4/9: Alderwood Middle School, Lynwood, WA 4/10-11: SCBWI WWA Regional Conference, Seattle, WA 4/16: Proctor School, Topsfield, MA 4/20: South Hillsborough Elementary School, Hillsborough, CA 4/26: International Reading Assocation Conference, Chicago, IL 4/27: SECRET KEEPER paperback release I'll be sending photos and blips via Twitter if you follow me there. Also, to celebrate the paperback release of Secret Keeper (which, to my amazement and delight, was just shortlisted for the Massachusetts Book Award), I'm dedicating my twitter stream to the re-tweeting of posts by ten organizations that empower girls.

Hope to see some of you in real life over the next couple of weeks!

A List of YA Novels that Battle Bullying

Here's a list of 35 classic and current YA novels recommended in response to yesterday's call for books about bullying in school, alphabetized by author last name. Scroll down to find out more about the titles in the widget below the list. As always, feel free to add more suggestions in the comments.
The Sweetheart of Prosper County by Jill AlexanderSpeak by Laurie Halse Anderson13 Reasons Why by Jay AsherNames Will Never Hurt Me by Jaimie AdoffThe Dark Days of Hamburger Halpin by Josh BerkBlubber by Judy BlumeHate List by Jennifer BrownThe Truth about the Truman School by Dori Hillestand ButlerGetting Revenge on Lauren Wood by Eileen CookThe Chocolate War by Robert CormierJust Listen by Sarah DessenThis Is What I Did by Ann Lee EllisThe Skin I'm In by Sharon FlakeShattering Glass by Gail GilesSticks and Stones by Beth GoobieNailed by Patrick JonesGirl on the Other Side by Deborah KerbelStuck on Earth by David KlassLessons from a Dead Girl by Jo KnowlesSchooled by Gordan Ko…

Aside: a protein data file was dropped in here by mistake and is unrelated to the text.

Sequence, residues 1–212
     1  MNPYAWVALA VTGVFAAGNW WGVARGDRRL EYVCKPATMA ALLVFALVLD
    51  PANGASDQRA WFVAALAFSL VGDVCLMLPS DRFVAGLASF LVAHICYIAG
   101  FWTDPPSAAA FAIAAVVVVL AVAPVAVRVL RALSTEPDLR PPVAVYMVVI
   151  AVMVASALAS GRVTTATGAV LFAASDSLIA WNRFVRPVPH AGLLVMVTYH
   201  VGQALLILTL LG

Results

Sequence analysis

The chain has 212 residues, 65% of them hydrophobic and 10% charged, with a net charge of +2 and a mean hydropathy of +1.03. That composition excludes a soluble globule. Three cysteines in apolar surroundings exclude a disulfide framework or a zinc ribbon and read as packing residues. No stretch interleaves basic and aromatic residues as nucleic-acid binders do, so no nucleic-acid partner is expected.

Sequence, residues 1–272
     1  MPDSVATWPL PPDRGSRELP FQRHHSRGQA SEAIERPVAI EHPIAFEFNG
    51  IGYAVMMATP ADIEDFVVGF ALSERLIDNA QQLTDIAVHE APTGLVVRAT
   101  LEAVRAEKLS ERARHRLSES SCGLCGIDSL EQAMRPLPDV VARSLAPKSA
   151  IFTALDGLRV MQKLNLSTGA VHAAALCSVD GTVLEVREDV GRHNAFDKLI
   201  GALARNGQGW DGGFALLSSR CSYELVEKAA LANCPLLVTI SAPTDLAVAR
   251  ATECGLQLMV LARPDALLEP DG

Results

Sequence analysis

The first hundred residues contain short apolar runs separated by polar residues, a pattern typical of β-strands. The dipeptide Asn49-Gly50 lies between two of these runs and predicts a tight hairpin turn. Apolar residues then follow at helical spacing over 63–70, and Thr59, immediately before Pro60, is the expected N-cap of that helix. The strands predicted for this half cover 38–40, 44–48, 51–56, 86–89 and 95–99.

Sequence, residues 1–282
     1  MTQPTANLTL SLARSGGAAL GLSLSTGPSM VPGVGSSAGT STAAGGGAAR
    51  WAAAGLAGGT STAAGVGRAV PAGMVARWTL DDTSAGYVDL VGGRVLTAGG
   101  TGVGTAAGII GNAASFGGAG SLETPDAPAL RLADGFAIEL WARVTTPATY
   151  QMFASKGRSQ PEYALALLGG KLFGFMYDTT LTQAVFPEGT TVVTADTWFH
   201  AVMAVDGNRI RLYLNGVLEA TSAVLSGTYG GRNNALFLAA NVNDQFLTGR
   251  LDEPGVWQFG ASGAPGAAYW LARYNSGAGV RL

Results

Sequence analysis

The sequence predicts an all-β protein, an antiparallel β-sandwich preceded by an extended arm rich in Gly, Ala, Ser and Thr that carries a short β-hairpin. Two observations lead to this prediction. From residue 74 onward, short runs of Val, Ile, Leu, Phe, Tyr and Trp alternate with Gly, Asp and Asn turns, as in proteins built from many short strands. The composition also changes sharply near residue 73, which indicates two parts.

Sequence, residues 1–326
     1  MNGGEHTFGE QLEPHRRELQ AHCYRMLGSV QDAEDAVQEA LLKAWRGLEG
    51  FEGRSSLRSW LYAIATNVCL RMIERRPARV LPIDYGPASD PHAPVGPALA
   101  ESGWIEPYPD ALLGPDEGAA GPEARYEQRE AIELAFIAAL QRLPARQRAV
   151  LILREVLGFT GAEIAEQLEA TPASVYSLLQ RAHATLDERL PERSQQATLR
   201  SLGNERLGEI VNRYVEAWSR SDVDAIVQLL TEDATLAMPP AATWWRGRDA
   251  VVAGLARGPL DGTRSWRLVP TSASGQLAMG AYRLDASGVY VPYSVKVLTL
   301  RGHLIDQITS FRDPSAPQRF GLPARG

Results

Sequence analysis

Teen Bullying, Adult Hypocrisy, and Seeking Books that Slam Slander

"Bullying is so much worse now than when I was a kid."

"Must be because of the internet and cellphones."

I overhear parking lot conversations like these between parents, and my blood boils a bit. I don't like adult hypocrisy when we talk about teen culture. Yes, gossip and slander are endemic and brutal in high school, but it's no surprise given that our entire culture seems to bond by trash-talking and celebrity-bashing. There's something in us that relishes tearing down as a way to gain power. And that old saw about sticks and stones stinks, because words are so powerful they can make you want to break your own bones.

I'm being asked to emphasize this problem during author visits here in Massachusetts thanks to a recent tragedy in our state and my own experiences in school. In order to stand before students with any measure of integrity, I have to start by searching my own habits:  Do I tear someone down—be they celebrity, cousin, or colleague—in …

Good Friday For The Foreigner: A Poem

"So they decided to use the money to buy the potter's field as a burial place for foreigners." (Source: The Gospel According to Matthew)
Good Friday For The Foreigner by Mitali Perkins
The news spreads through our tents and shacks like birdsong: We have some soil.
It’s strewn with shards of ceramic, broken bits of pots and cups, clay of no use or value. I’ll pick them up, clean the ground with my hands, and make a holy place. I’ll water the dirt with my tears.
Who paid for it?
The piles of bodies had grown, the stench, disease adding more to the heap. We begged, we cried, we pleaded: We die, too. We are not just passing through. No word. A civic silence.
Who spoke for us?
The coins were stained with blood, we're told. They were useless, too, like the clay, like the dead. Now our bones, blood, and flesh will mingle with theirs under the ground. An inheritance for our beloved. I weep, and bury, and kneel, and whisper my thanks to the Unknown.

Originally published on Mita…